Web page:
Daily Archives: March 16, 2015

For health care expansion and SSBT, a long road ahead

Last week brought some relatively cheery news for fans of better access to health care and of the sugar-sweetened beverage tax. The House Health Care Committee passed a fairly wide-ranging bill that would help close the Medicaid gap, provide more assistance to working-class Vermonters seeking health insurance and encourage more primary care providers, among other things. To pay for all that, the Committee opted for a two-pronged approach: the revised 0.3% payroll tax proposed by Gov. Shumlin, plus the two-cents-per-ounce tax on sugar-sweetened beverages.

A good package, a nice bill. But is it a meaningful step, or simply a McGuffin? When you read between the lines of Committee chair Bill Lippert’s statement, and see the slightly shopworn look on his face, well, you start thinking the latter.

I have no illusions that what we propose will be a final product at the end of the session, but it was our responsibility… to identify and articulate priorities that could make a difference now and could be investments for the future, even in a time of tight budgetary constraints.

Glass half full, or glass half empty? I hear a guy resigning himself to the inevitable disembowelment of his bill.

Enough inference. The next stop is the Ways and Means Committee, where opinion is split on the SSBT and there’s widespread opposition to the payroll tax. After that, well, there’s a lot of room for pessimism.

There’s little appetite for raising taxes in Montpelier — or should I say “raising more taxes,” since tax increases will almost certainly be part of a budget-balancing deal. (Front runner: Ways and Means chair Janet Ancel’s plan to cap itemized deductions at 2.5 times the standard deduction.) There’s also the EPA-mandated Lake Champlain cleanup that needs funding. In this climate, it’ll be hard to justify funding the health care package as well.

Regarding the SSBT specifically, Governor Shumlin and House Speaker Shap Smith don’t like it. Really, there aren’t many real fans; some just see it as the least bad option. Most lawmakers seem allergic to the payroll tax, even in reduced form. But let’s say, just for the heck of it, that the Health Care Committee’s bill passes the House. What awaits in the Senate, that notorious den of centrism where liberal House bills go to die?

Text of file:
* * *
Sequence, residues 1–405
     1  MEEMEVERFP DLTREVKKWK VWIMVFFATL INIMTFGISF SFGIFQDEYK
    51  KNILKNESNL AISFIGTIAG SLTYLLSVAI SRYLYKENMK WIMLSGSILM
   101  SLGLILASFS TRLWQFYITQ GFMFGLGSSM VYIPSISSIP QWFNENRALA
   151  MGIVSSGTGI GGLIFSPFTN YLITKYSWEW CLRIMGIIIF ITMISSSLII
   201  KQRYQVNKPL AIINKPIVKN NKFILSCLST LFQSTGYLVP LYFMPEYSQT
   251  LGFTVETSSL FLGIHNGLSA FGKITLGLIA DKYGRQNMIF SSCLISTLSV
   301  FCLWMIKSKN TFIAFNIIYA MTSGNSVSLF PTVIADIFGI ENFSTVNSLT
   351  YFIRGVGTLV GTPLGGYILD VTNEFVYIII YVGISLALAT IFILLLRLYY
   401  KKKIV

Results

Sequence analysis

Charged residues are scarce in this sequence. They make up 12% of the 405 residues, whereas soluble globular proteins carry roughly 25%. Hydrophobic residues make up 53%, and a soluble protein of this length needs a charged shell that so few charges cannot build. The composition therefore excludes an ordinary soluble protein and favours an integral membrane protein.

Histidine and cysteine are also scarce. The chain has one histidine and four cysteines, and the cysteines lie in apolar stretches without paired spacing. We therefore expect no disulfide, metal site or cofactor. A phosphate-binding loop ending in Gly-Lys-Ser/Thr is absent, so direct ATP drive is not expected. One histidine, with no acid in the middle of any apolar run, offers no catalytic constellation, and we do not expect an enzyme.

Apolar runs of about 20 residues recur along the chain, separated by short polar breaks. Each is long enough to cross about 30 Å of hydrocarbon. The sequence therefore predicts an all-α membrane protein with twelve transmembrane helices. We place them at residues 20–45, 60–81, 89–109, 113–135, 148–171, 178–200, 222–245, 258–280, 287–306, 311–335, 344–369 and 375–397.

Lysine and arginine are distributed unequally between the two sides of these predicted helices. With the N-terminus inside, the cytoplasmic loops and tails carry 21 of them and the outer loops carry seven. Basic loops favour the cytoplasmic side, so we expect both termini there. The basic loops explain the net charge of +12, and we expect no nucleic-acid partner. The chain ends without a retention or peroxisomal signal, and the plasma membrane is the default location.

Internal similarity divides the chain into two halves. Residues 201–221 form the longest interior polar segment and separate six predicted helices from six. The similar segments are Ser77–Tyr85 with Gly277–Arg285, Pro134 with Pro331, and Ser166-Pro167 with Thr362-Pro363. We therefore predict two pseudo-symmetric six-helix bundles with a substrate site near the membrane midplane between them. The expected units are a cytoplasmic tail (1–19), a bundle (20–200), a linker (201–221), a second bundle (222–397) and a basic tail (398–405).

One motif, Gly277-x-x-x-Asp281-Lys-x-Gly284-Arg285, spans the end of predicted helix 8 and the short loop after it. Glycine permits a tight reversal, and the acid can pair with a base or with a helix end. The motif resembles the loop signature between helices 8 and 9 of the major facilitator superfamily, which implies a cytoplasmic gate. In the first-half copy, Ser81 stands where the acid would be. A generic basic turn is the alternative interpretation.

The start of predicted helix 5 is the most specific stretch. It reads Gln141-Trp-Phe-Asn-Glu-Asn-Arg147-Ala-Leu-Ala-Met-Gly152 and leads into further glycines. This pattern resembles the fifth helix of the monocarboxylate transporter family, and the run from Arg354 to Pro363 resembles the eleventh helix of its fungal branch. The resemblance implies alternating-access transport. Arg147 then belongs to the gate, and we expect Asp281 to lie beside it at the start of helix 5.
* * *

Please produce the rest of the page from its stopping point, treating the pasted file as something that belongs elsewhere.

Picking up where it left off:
“I wouldn’t predict what a vote today would be,” says Senate Finance Committee chair Tim Ashe (more D and less P with each passing day). “I’d say they both start in difficult places in terms of a Senate vote. Individual committees may be more or less favorable, but in the whole Senate, both would struggle to pass at this time.”

Gulp. Well, I guess I shouldn’t be surprised. So I guess that leaves us with no money for enhancing our partially-fixed health care system?

“That’s an open question,” says Ashe. “There are the resources to pay for new initiatives or increased support for existing initiatives can come from existing sources or new revenues.”

Oh really? You’ve found a pot of money somewhere?

“I’ll mention just one resource. …This year, Vermonters without insurance are going to ship about six million bucks to the federal government in a penalty. Next year that money goes up to 12 to 14 because the penalty basically doubles.

“So 23,000 Vermonters will be shipping all that money to Washington, and they will get nothing for it. Question is, is there a way to help them NOT send the money to Washington and get nothing for it, but to keep the dollars here and give them something for it? I don’t know what the answer to that is, [but] it makes you scratch your head and say, ‘Well, jeez, wouldn’t it be easier if they just had insurance here?'”

Nice to see the Senator thinking outside the box, BUT… he himself admits he doesn’t know the answer to that. And even if we could somehow funnel the penalty money into health insurance, we’re talking “about six million bucks” this year and 12 mill the year after that. That’s a far cry from the Health Care Committee’s $70 million a year.

Six million, or even 12, isn’t going to buy you a whole lot of improvement. The Medicaid gap would remain painfully wide, and good-quality insurance would remain out of reach for many working Vermonters.